Your defense is that you did not request, order or purchase the drugs. The prosecution claims that you signed for the package and it was in your home, ergo possession, when an anonymous tip led them to your house. Without the requirement to demonstrate culpable mental state all the prosecution would have to determine was that you were in possession, not how, when, and why. Minus the need to prove “purposeful” and “knowledgeable” mental states you could be convicted and sentenced.
Malum Prohibitum sans Mens Rea
Are there unlawful acts or statutes that do not require mens rea for conviction?
Yes, there are. When I went through the police academy we were taught that traffic violations and most “minor misdemeanors” did not include culpable mental state. We didn’t need to prove that you intended to drive 79mph in a 55mph zone, only that you did.
Why exclude mens rea from a statute? Minor misdemeanors do not have accompanying jail time, just a monetary fine. Is it much easier for the state to get a conviction when mens rea is not required? Most certainly it is.
What about felonies minus mens rea? Is possession of an object in and of itself sufficient evidence to convict a person of a felony charge and incarcerate them for a period greater than one year?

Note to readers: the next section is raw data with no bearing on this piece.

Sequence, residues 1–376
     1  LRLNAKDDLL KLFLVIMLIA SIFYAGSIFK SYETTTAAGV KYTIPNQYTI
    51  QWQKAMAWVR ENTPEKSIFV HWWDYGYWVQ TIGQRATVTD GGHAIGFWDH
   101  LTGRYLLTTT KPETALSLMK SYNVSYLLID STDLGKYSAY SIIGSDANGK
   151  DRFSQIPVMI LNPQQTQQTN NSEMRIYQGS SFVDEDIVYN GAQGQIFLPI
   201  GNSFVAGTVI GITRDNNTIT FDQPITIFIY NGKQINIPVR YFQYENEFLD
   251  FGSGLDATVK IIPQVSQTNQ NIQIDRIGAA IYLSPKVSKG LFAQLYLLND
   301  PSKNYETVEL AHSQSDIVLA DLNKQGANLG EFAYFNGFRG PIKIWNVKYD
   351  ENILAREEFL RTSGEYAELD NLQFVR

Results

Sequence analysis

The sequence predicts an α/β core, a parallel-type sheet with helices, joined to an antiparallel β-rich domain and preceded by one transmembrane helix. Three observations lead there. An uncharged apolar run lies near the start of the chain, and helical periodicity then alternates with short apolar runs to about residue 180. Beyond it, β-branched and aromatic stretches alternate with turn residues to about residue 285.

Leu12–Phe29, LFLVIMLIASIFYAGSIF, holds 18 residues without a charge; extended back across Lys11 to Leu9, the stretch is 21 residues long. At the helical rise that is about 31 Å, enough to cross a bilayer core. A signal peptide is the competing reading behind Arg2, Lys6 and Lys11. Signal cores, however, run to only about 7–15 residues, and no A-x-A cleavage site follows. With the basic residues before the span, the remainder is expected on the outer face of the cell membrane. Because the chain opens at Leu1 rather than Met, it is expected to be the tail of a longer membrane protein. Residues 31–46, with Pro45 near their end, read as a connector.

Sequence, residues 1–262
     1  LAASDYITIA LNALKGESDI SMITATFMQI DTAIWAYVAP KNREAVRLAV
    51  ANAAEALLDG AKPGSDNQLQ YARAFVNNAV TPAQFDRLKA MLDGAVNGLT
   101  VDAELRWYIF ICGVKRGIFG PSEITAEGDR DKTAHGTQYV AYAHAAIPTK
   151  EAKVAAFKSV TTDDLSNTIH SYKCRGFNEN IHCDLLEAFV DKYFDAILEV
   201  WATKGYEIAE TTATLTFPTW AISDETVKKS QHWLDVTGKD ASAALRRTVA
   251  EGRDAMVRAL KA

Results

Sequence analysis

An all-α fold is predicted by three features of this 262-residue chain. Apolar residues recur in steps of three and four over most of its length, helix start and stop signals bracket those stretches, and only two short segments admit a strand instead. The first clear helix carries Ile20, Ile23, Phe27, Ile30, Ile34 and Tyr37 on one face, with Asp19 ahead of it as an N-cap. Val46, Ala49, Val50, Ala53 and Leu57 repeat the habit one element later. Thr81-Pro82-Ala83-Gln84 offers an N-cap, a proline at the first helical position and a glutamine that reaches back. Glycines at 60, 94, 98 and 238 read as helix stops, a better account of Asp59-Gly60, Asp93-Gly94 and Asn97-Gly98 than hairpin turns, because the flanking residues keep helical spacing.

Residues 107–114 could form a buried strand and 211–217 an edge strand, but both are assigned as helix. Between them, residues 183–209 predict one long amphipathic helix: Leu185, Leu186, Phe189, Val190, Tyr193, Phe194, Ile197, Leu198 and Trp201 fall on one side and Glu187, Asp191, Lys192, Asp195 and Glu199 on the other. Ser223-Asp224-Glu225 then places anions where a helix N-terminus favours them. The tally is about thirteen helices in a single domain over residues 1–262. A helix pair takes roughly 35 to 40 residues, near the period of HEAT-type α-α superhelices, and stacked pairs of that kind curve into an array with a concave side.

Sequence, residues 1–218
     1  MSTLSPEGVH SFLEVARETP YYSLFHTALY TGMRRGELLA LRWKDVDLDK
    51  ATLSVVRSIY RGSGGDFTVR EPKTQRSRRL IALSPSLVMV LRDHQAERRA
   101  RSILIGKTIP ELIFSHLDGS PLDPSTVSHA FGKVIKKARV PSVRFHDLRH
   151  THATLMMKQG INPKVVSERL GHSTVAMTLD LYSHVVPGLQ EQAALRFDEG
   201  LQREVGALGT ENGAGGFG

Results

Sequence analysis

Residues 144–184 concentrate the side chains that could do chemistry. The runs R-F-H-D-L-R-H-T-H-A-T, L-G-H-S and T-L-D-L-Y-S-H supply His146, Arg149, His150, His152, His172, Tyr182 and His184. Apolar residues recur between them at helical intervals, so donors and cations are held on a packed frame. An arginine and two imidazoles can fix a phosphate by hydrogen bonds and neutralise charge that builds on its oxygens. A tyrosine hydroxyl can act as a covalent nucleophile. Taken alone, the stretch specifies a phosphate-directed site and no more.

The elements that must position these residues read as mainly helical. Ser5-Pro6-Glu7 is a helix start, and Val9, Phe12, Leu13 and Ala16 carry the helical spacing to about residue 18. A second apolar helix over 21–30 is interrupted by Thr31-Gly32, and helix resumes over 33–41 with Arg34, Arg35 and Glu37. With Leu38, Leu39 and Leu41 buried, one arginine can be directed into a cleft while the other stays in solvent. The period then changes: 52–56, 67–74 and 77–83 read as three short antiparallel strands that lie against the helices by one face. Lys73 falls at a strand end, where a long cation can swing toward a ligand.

Consider the Connecticut prohibition against certain types of firearms and firearm accessories. Is mere possession, without demonstrated intent, sufficient to convict a person of a felony?
Is malum prohibitum law being used to create criminals where there previously were none? Is the possession of an inanimate object a greater crime that the malum in se crime of murder, robbery or rape?
Colorado’s recent malum prohibitum laws prohibit the ownership of certain type of firearms accessories. On June 30, 2013 you were a lawful citizen. On July 1, 2013 you are a potential criminal. We have nearly the same situation with New York State and their fraudulently named "Safe Act."
Again, are the states using malum prohibitum to create crime where none existed?
Return to Tyranny
While most Americans can quote you the term “innocent until proven guilty,” few understand that such a concept is not universal. We accept that the “burden of proof” lies squarely with the prosecution and that the state must prove “beyond a reasonable doubt” that the crime occurred.
Considering the state of affairs here in the colonies, it appears that we are on a fast track back to the day when mere possession equates guilt. The rampant use of malum prohibitum statutes puts the citizen on the defensive and creates "gun criminals" that have no mens rea.
Do the current crop of “gun crime” laws violate the United States Constitution’s protection against ex post facto, or "retroactive" prosecution as laid out in Article 1, Section 9? Are we creating criminals where there were none?
For the past three decades Paul Markel has had the privilege to study with some of the finest instructors and teachers the U.S. Military and Law Enforcement world have to offer. He is a lifelong student of the gun.